Something as simple as a regular after-school exercise program has been found to enhance cognition in 7, 8 and 9-year-olds.
A nine-month-long, randomized controlled trial involving 221 pre-teen kids found that those who engaged in moderate-to-vigorous physical activity for at least 60 minutes a day after school saw substantial improvements in their ability to pay attention, avoid distraction and switch between cognitive tasks.
Fitness designed for kids
Half of the study subjects were randomly assigned to the after-school program, and the rest were placed on a wait list. All participants underwent cognitive testing and brain imaging before and after the intervention.
“Those in the exercise group received a structured intervention that was designed for the way kids like to move,” says University of Illinois kinesiology and community health professor Charles Hillman, who led the study, which was reported in September 2014 in the journal Pediatrics. “They performed short bouts of exercise interspersed with rest over a two-hour period.”
The intervention, called FITKids, was based on the CATCH exercise program, a research-based health promotion initiative that was initially funded by the National Institutes of Health, and now is used by schools and health departments across the US. The children in the FITKids exercise group wore heart-rate monitors and pedometers during the intervention.
“On average, kids’ heart rates corresponded with a moderate-to-vigorous level of exercise intensity, and they averaged about 4,500 steps during the two-hour intervention,” says Hillman. The children were active about 70 minutes per day.
The positive results of after-school exercise
As expected, fitness increased most in the intervention group over the course of the study. “We saw about a six percent increase in fitness in children in the FITKids intervention group,” Hillman says. Fitness improved less than one percent in the wait-list control group, he says.
Children in the exercise group also demonstrated substantial increases in “attentional inhibition,” a measure of their ability to block out distractions and focus on the task at hand. And they improved in “cognitive flexibility,” which involves switching between intellectual tasks while maintaining speed and accuracy.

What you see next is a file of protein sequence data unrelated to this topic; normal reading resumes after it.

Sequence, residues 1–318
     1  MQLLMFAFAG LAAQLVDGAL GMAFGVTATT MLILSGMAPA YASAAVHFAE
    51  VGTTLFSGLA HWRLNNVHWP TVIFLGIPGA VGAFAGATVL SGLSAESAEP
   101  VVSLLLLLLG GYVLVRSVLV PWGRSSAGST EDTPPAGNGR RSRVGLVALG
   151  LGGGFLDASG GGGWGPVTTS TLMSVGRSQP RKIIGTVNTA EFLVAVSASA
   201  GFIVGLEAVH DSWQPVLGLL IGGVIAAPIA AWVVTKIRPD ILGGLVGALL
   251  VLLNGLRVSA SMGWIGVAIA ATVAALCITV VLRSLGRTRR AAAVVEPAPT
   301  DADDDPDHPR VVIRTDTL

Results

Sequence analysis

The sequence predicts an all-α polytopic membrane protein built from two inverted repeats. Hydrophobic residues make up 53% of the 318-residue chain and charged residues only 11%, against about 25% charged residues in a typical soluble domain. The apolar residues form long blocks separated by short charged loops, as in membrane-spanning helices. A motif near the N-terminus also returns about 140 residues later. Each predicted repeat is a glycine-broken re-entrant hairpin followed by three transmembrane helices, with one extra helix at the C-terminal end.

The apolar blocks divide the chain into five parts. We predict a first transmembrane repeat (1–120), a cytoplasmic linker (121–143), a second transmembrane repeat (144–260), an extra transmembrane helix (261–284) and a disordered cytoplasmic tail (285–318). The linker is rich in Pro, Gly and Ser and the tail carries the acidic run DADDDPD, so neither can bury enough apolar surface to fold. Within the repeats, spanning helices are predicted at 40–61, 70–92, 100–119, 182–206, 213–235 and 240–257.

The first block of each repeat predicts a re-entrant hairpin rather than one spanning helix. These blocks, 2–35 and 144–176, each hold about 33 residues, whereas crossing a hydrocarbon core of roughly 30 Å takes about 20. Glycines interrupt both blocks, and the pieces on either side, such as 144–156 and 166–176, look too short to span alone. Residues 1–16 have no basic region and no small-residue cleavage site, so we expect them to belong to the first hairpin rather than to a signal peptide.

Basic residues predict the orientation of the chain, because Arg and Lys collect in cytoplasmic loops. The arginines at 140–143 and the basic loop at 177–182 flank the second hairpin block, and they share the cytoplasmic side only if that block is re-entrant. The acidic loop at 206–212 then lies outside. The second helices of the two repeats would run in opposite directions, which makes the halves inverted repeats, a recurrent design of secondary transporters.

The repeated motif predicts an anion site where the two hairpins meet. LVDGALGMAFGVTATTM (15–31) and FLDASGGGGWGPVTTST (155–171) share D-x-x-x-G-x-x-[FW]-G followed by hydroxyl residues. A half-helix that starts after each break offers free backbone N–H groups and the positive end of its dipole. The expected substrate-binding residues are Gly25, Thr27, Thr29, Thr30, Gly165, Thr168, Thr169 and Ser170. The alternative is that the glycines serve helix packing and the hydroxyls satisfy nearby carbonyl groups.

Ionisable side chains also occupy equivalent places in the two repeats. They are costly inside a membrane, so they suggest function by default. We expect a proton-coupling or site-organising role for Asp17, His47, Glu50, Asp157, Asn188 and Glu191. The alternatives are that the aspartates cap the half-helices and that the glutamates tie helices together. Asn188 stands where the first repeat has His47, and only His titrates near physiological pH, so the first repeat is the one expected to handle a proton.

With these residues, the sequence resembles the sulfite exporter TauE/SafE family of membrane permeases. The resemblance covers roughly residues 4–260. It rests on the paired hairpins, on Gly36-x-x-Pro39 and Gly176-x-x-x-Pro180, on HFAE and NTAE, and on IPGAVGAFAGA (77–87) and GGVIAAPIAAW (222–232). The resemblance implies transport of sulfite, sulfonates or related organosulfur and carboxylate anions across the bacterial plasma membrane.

Children in the wait-list control group saw minimal improvements in these measures, in line with what would be expected as a result of normal maturation over the nine months, says Hillman.
“Kids in the intervention group improved two-fold compared to the wait-list kids in terms of their accuracy on cognitive tasks,” he says. “And we found widespread changes in brain function, which relate to the allocation of attention during cognitive tasks and cognitive processing speed. These changes were significantly greater than those exhibited by the wait-list kids.
“Interestingly, the improvements observed in the FITKids intervention were correlated with their attendance rate, such that greater attendance was related to greater change in brain function and cognitive performance,” Hillman says.
The study did not distinguish improvements that were the result of increased fitness from those that might stem from the social interactions, stimulation and engagement the children in the intervention group experienced, Hillman says.
“Other research at Georgia Regents University led by Catherine Davis has actually used social and game-playing as their control group, and showed that the cognitive effects of their physical activity intervention are above-and-beyond those that are gained just through social interactions,” he says.
The FITKids program is designed to get children socially engaged in exercise, which is part of what makes it an effective intervention, says Hillman.
“The fact is that kids are social beings; they perform physical activity in a social environment,” he says. “A big reason why kids participate in a structured sports environment is because they find it fun and they make new friends. And this intervention was designed to meet those needs as well.”
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